ALBUM REVIEW: iamamiwhoami – kin

Written for the 405

iamamiwhoami? Don’t ask me. I’ve listened to your debut album a good few times now, and I’m still not straight on all the facts. I know that you (Jonna Lee) already have a couple of albums and an EP released under your own name, and are in possession of a voice that’s like The Knife’s Karin Dreijer Andersson and Portishead’s Beth Gibbons mixed together, served over ice. I know that you (Claes Björklund) are a producer for a few Scandinavian artists and (bizarrely) the pianist for Travis.

I know that you consider kin, your first full-length, to be a “multimedia experience”, and that each song on the album has a trippy, Alejandro Jodorowsky-goes-to-the-arctic video to go with it. I know that for a while you cast these videos, with their loose, fairytale-like narrative, into the ether of the Internet, without attaching your names, or really any information at all. I know that for a while people were speculating as to the identity of the author(s) of these surreal, ethereal songs and videos, throwing up suggestions of everyone from the aforementioned Knife to Lady Gaga. I know that you don’t sound anything like Lady Gaga, so Christ knows where that suggestion came from.

I know that, divorced from the evocative imagery, the music stands up. I know that Björklund is one of those unpretentious, magpie-like producers, picking and choosing from existing genres and sub-genres of electronica with a discerning eye, refusing to be pigeonholed into one specific “scene”. Electronic music is fluid, and across kin there are tracks that sound like chiptune (the main hook of opener ‘sever’ sounds like the title screen of an eighties arcade game), there’s tracks that sound like Kraftwerk if The Robots went through a Pinocchio-style transformation into real boys (‘good worker’), there’s a dip into the murky and ill-defined pool of post-dubstep (on ‘play’, a bass-heavy SBTRKT-like two-step shuffle), and the even less-defined – but more exciting – realm of “futurepop” (epitomised on the gorgeous ‘idle talk’).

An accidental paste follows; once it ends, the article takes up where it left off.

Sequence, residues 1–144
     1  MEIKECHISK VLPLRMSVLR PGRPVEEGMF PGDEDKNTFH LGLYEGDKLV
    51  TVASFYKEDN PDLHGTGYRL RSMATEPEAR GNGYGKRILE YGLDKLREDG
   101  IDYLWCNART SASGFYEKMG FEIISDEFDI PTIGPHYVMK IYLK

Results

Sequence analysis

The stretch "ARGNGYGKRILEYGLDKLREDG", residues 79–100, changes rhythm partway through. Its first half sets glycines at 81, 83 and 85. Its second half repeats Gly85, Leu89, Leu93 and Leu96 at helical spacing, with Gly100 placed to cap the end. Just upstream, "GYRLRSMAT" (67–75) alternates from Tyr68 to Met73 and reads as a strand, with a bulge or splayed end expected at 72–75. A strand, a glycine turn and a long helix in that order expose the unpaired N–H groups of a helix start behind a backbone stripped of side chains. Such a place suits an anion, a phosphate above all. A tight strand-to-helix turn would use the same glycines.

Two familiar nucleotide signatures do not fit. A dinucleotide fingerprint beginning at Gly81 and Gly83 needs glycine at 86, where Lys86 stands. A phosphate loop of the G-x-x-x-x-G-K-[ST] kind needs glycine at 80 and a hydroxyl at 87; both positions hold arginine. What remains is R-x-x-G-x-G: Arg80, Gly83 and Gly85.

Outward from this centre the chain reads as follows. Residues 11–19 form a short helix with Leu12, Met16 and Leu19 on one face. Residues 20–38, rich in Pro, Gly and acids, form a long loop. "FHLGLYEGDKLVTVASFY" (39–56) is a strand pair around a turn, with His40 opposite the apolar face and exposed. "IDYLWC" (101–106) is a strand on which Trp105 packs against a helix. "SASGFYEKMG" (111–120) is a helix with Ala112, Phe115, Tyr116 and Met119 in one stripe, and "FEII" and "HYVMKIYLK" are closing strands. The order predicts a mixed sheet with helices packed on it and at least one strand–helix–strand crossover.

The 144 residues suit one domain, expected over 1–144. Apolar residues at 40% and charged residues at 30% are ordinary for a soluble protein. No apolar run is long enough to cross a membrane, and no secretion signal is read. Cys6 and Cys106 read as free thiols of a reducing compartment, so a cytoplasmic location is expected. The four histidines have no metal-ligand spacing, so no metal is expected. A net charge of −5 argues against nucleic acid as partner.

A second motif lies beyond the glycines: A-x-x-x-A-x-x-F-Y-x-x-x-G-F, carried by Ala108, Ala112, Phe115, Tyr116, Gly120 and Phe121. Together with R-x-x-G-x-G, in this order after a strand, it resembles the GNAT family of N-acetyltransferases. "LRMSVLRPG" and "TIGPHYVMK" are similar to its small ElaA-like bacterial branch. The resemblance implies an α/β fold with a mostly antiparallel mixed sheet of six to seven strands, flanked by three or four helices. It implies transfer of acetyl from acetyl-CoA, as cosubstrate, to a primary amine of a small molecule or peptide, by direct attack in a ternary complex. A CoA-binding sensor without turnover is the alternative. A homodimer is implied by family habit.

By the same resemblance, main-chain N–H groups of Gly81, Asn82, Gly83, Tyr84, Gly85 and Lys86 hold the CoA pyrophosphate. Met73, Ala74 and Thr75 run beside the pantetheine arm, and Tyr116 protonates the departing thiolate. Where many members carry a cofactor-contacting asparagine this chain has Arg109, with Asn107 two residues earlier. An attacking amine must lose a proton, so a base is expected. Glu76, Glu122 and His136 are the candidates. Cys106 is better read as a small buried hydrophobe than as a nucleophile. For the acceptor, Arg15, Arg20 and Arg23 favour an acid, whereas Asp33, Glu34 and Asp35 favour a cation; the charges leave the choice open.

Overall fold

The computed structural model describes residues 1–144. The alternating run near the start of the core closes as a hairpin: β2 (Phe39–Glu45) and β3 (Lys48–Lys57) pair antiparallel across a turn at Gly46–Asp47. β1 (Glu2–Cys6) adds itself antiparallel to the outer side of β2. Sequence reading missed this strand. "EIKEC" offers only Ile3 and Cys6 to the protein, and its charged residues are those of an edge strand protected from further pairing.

I know that I just said that the album works without the context of the videos, despite how much you might argue to the contrary, partly because it’s something that’s been done before, making a music video for every song on an album, although it’s rarely been done better. I know that I just said that, but it does help to give the songs a narrative through-line, because at times the leaps between genres are a little jarring, even though they’re of the same genus, and each is centred around Lee’s evocative, esoteric vocals.

I know that kin has all the elements for a brilliant, genre-busting, danceable art spectacle, but I’m not sure that it actually is. It sounds good, and the songs are all solid, and the project as a whole is pulled off with reasonable panache. But I still have my doubts, it still leaves me a little cold. I don’t know why. Maybe you can tell me?

6.5/10

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